PC Sales Fall in the First Quarter of 2011
The Q1 2011 numbers are in for one of the key indicators of the health of the IT industry -- PC sales -- and the diagnosis is not good.
IDC said this week that PC shipments contracted worldwide by 3.2 percent and in the United States by 10 percent. In discussing the U.S. results, IDC noted the strong gains through all of 2010 and called the drop "yet another inflection point in the rubber-band effect of the demand cycle that has become prevalent over the past two years."
Jay Chou, a senior research analyst with IDC, cast about widely in trying to find explanations for the worldwide drop. "While the consequences of events in the Middle East and Japan remain unclear, these will surely be factors that will influence short-term market performance for 2011," Chou said in a statement. Japan's year-over-year decline in shipments for the quarter was 16 percent.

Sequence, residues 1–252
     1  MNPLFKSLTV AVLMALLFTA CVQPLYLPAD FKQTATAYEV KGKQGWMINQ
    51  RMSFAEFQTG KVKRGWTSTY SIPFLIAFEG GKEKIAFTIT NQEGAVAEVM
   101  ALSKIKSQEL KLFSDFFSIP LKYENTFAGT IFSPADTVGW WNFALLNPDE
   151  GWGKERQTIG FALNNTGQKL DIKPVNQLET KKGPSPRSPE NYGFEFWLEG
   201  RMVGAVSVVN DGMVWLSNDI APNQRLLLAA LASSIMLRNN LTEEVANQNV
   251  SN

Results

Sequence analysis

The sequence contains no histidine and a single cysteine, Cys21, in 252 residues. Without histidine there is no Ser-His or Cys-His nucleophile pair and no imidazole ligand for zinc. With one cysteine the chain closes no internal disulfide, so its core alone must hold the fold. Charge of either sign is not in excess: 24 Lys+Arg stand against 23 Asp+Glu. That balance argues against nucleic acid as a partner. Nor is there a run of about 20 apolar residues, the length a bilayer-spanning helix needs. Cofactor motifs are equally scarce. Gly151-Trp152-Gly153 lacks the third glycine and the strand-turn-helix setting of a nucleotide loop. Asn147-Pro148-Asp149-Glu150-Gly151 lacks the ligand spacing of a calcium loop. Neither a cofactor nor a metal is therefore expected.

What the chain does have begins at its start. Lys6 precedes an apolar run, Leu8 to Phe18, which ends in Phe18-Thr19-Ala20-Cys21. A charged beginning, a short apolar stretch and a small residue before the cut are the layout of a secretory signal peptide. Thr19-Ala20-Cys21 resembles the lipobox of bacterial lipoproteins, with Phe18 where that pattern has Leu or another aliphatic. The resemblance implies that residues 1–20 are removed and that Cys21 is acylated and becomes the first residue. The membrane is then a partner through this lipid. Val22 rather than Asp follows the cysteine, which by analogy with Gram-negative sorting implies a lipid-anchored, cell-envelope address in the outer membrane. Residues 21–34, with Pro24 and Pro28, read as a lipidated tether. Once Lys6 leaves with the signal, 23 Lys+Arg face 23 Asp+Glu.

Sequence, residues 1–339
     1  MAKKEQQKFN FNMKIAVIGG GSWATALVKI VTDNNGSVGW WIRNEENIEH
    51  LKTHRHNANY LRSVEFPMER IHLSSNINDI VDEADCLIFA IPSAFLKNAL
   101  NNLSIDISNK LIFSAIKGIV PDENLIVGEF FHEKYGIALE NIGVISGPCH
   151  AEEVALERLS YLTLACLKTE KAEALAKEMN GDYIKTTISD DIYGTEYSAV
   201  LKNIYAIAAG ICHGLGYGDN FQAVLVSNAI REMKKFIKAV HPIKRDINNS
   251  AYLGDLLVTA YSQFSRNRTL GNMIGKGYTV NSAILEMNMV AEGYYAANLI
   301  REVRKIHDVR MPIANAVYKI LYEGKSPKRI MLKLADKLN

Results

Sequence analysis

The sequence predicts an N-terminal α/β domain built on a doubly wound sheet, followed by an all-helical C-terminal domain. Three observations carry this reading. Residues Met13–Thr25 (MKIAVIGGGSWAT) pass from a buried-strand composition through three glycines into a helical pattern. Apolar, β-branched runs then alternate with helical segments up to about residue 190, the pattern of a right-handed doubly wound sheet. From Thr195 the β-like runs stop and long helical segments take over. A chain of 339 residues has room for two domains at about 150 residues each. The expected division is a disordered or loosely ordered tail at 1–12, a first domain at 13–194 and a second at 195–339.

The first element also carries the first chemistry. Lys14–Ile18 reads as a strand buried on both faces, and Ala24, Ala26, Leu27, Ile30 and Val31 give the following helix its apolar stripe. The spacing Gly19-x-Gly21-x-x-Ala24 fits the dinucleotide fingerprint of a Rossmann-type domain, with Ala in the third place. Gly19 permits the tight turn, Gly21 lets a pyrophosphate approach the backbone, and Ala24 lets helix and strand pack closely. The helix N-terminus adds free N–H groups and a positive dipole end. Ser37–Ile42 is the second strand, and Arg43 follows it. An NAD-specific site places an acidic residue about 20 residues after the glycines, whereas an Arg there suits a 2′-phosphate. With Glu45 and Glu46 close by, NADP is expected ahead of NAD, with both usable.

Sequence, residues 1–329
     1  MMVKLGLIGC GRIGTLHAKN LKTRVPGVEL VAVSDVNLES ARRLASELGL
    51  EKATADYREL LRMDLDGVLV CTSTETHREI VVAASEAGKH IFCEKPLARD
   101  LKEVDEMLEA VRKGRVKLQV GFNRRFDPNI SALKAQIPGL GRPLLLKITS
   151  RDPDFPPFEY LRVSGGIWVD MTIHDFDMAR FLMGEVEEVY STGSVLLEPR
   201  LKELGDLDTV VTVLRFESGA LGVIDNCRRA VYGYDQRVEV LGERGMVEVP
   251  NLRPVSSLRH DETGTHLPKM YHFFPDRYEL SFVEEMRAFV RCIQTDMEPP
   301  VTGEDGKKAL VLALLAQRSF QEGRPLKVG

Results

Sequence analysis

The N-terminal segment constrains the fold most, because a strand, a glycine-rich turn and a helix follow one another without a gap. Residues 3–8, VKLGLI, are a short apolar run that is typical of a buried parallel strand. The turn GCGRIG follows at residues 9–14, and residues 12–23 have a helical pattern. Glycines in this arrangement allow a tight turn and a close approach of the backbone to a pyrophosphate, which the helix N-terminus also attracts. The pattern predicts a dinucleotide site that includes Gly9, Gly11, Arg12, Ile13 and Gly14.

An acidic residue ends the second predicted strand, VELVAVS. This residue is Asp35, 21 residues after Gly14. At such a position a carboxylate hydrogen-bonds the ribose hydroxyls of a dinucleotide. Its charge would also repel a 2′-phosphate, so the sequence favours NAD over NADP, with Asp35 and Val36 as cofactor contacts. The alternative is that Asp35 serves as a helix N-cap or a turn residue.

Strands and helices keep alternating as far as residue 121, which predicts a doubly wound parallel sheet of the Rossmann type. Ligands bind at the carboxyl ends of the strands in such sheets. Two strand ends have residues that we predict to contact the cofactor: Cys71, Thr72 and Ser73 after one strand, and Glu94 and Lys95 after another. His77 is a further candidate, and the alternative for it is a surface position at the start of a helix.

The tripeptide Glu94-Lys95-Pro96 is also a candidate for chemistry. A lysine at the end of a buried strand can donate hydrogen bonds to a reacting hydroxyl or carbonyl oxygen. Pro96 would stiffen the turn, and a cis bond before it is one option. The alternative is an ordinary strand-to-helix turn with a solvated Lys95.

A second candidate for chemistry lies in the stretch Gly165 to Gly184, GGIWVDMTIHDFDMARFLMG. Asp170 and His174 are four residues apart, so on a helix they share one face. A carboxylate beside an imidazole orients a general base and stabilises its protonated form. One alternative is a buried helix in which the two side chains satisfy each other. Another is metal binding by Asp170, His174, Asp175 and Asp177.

"Long-term success will depend on hardware manufacturers being able to articulate a message that is beyond simple hardware specifications. 'Good-enough computing' has become a firm reality, exemplified first by Mini Notebooks and now Media Tablets. Macroeconomic forces can explain some of the ebb and flow of the PC business, but the real question PC vendors have to think hard about is how to enable a compelling user experience that can justify spending on the added horsepower," Chou said.
Among vendors, Acer Group had the toughest quarter, with shipments falling 16 percent worldwide and 42 percent in the United States compared to the year-ago quarter. Lenovo had double-digit growth worldwide (17 percent) and Apple and Toshiba both saw about 10 percent growth in the U.S. market. Dell's U.S. sales fell 12 percent, but strength in emerging markets limited its global losses to less than 2 percent. HP's sales fell about 3 percent globally and 2 percent in the United States.
According to IDC, early indications for Q2 also suggest PC shipments will be weak, but the market research firm is expecting a stronger second half of the year.
Posted by Scott Bekker on April 14, 2011